It all might seem like thin gruel for accusing the two countries of embarking on a nuclear weapons program, no matter how obliquely Clinton leveled the charge. And there is very little chance that Burma is anywhere near having the bomb. But if these tiny clues add up to nuclear ambitions, there is indeed cause for alarm — not least because the world is simply not well-organized to contain nuclear weapons. The Nuclear Non-Proliferation Treaty provides no punishment for signatories who are caught, and U.N. resolutions do not carry sufficient force to deter would-be proliferators. Iran is Exhibit A for the failure of the NPT and U.N. sanctions. The International Atomic Energy Agency? It’s hardly equipped to deal with smuggling activities and procurement networks. Smuggling by Pakistan’s rogue scientist, Abdul Qadeer Khan, eluded the IAEA for nearly three decades, during which time he helped his own country, North Korea, Iran, and Libya all obtain nuclear material.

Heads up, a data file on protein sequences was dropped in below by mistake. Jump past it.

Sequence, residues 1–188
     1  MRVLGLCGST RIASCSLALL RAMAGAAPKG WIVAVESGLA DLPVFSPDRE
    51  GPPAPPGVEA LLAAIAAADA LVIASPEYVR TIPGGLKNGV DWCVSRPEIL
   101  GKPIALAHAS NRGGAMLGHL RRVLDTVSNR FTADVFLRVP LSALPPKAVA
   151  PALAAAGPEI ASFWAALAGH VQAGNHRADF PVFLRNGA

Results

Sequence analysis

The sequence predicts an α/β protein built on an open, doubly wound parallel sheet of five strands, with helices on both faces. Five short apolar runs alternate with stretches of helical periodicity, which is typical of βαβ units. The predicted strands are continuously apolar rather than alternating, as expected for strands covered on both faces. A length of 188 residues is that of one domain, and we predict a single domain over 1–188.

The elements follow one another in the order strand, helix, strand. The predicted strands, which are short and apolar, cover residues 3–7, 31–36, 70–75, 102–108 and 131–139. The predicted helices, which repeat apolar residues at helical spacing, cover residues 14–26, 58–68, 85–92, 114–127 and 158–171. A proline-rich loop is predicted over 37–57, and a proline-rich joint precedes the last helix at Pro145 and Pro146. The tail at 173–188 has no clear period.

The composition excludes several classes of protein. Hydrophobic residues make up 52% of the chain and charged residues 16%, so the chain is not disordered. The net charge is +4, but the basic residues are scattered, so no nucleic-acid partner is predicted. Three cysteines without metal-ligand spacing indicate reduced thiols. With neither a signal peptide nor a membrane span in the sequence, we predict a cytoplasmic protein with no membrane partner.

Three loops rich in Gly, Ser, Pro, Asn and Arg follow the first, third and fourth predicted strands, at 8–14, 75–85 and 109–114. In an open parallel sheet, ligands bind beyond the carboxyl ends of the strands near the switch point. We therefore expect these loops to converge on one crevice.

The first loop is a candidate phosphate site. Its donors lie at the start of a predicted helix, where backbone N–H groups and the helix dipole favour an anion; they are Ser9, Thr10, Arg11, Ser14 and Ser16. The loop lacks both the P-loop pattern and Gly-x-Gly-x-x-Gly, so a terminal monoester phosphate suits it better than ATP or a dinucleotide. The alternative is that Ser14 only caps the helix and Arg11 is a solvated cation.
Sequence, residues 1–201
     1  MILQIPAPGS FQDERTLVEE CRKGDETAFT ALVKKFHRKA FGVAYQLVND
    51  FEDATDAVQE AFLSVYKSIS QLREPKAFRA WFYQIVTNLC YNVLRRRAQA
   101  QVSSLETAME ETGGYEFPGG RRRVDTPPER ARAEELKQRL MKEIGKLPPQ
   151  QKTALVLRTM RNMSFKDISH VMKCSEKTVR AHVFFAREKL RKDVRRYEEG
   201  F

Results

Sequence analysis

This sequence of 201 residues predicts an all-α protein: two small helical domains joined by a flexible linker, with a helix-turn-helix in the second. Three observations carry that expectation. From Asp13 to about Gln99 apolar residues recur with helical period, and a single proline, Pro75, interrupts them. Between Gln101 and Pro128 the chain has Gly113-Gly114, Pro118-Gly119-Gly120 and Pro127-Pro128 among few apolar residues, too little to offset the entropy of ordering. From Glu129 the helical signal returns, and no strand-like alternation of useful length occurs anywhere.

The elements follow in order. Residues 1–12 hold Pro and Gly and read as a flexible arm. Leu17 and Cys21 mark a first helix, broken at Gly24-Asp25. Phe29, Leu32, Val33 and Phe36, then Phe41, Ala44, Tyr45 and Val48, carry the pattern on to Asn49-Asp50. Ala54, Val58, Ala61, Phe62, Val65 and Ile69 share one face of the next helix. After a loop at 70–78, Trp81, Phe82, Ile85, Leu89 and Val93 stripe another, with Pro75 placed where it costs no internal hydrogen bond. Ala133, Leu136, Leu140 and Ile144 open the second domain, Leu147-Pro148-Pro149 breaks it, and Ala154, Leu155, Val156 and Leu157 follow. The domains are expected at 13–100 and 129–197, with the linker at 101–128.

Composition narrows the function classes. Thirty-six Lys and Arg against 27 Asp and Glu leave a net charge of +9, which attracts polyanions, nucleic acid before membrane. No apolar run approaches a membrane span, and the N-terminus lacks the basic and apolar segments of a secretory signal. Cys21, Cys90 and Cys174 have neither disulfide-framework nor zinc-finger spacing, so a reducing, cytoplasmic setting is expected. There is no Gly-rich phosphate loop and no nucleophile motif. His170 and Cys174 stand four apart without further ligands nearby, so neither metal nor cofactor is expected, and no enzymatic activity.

So given the gaps in the international system, cooperation among key countries, particularly nuclear-weapons states, is essential for deterring nuclear aspirants. In this case, the United States and China are the lucky ones who will have to sort out how to keep North Korea from giving Burma nukes.
Fortunately, no country has more leverage with North Korea than China, which supplies much of the food and oil that keep the regime in Pyongyang afloat. So far, China has been reluctant to exercise its influence because Beijing fears that destabilizing North Korea will send a massive wave of refugees streaming across the border. But Clinton will try to persuade China that the time for diplomatic timidity is over. Kim JongI Il, the ailing North Korean dictator, needs to understand that helping Burma’s military junta obtain nuclear weapons technology is a step too far. The two countries should share intelligence between them and with the IAEA. Tough sanctions and interdiction should be on the table to punish and isolate the transgressors.